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Discrimination Claims

Warning to Employers

Employers expect to be able to deliberate issues surrounding grievance and disciplinary issues in private. However, in a recent Employment Tribunal case (Punjab National Bank (International) Ltd v Gosain) the Judge ruled discussions and deliberations secretly recorded by an employee were admissible evidence within a subsequent discrimination claim brought by the employee.

In the above case the employee had raised a grievance that she was not being permitted a proper lunch break and other issues had arisen in relation to her pregnancy. The employee later resigned and brought claims for sexual harassment, sex discrimination and constructive unfair dismissal.

The employee had secretly recorded her grievance and disciplinary hearing and continued to record her employer’s deliberations once she had left the room. The employee relied on these recordings as evidence supporting her employment claims.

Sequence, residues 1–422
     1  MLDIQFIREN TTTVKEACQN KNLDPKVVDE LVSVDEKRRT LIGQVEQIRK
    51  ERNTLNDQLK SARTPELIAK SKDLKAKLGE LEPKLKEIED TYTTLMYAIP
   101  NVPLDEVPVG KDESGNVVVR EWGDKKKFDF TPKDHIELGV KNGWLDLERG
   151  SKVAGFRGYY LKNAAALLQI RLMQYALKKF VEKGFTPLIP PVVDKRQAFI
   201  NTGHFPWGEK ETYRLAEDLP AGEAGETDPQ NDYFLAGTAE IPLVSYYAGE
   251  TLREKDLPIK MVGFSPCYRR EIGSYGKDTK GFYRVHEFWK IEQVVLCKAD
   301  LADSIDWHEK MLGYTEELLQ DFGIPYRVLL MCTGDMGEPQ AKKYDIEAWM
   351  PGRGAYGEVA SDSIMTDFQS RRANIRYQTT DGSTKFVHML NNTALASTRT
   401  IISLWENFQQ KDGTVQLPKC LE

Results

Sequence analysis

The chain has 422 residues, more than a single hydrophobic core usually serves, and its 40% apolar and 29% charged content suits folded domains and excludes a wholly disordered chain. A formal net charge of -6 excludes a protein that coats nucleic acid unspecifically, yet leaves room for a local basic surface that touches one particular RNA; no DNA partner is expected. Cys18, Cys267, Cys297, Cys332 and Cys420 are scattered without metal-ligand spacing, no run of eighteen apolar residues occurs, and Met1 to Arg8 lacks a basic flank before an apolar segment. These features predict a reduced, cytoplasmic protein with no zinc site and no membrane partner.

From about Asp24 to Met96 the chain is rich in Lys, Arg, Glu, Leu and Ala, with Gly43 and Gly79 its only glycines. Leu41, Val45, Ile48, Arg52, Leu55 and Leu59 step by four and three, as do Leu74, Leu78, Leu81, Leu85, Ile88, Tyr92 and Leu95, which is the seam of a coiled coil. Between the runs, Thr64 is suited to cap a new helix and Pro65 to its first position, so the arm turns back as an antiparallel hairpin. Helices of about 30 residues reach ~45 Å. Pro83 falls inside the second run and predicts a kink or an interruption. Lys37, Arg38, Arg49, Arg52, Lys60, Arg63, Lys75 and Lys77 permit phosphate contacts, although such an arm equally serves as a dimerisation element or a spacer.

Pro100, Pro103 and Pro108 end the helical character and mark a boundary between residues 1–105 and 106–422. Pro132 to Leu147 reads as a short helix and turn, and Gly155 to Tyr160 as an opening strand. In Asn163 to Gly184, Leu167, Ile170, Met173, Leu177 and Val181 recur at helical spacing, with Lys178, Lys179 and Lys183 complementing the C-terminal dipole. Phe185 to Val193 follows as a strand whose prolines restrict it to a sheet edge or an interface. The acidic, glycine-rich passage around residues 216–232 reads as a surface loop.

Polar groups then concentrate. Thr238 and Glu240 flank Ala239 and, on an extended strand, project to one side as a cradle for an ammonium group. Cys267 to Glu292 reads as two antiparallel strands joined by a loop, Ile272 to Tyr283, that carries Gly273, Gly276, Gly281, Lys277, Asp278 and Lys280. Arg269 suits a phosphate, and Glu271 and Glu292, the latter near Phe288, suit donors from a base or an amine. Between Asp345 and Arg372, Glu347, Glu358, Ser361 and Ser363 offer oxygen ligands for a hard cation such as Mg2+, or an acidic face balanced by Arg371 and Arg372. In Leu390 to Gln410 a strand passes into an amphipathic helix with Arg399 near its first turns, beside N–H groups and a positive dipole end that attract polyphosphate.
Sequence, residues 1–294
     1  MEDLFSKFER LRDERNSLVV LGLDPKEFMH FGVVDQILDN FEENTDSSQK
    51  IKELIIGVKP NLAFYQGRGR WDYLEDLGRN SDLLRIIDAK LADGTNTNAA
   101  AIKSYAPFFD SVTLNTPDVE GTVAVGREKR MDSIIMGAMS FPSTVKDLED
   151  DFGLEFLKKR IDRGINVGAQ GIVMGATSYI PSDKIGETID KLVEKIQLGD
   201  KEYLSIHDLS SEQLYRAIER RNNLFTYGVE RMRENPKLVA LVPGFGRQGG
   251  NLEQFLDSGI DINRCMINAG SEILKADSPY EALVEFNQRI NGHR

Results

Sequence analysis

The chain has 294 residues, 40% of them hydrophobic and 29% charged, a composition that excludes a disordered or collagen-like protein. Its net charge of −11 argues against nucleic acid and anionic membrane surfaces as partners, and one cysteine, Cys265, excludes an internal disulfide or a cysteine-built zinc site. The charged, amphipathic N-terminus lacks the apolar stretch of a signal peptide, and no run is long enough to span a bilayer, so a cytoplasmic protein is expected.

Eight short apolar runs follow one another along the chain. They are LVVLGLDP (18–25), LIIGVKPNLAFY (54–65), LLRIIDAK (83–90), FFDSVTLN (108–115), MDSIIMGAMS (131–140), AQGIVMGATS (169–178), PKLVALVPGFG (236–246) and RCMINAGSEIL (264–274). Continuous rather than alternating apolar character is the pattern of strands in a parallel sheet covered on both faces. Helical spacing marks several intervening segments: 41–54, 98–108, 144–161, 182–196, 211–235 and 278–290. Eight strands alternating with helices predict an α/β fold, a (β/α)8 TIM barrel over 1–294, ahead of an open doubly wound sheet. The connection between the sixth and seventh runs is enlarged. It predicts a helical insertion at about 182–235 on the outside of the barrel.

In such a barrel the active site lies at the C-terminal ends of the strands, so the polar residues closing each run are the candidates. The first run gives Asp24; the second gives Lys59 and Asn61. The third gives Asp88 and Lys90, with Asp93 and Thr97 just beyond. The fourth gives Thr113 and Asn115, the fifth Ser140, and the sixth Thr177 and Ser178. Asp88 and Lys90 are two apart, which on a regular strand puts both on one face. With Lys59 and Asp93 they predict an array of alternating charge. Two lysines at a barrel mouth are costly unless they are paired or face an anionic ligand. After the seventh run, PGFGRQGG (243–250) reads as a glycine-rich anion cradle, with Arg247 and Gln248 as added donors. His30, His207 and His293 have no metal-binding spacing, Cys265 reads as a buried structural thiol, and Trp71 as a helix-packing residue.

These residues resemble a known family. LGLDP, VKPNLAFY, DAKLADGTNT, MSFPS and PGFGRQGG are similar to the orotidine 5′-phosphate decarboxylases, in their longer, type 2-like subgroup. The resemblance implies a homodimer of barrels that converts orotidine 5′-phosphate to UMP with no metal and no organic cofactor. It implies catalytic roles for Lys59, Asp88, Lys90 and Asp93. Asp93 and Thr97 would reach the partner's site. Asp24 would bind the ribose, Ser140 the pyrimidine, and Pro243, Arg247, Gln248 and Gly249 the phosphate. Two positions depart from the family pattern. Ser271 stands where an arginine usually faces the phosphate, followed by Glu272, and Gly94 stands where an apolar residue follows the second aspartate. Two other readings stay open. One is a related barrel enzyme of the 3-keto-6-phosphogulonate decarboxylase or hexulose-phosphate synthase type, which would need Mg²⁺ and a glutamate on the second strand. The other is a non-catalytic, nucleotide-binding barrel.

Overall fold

In this case the secret recordings were considered admissible in large part because of the serious discriminatory nature of the comments made and also because a manager clearly stated he was not following correct procedure and was not considering the grievance appropriately. Employers should be careful not to say anything which does not constitute a genuine consideration of the relevant issues.

Whilst the starting point is that secretly obtained evidence should not be admissible, it seems that where the nature of the content is serious enough or it is in the interests of fairness to do so, a Judge may be inclined to admit that evidence.

Therefore, if employers do write or say anything which does not amount to a fair consideration of a grievance or disciplinary matter, or make any inappropriate comments, they should be aware this may well become admissible in Tribunal hearings should an employee be secretly recording such conversations.

 

If you would like advice on employment issues please contact us.

Jacqueline Penfold
Jacqueline Penfold
Tina Ripley
Tina Ripley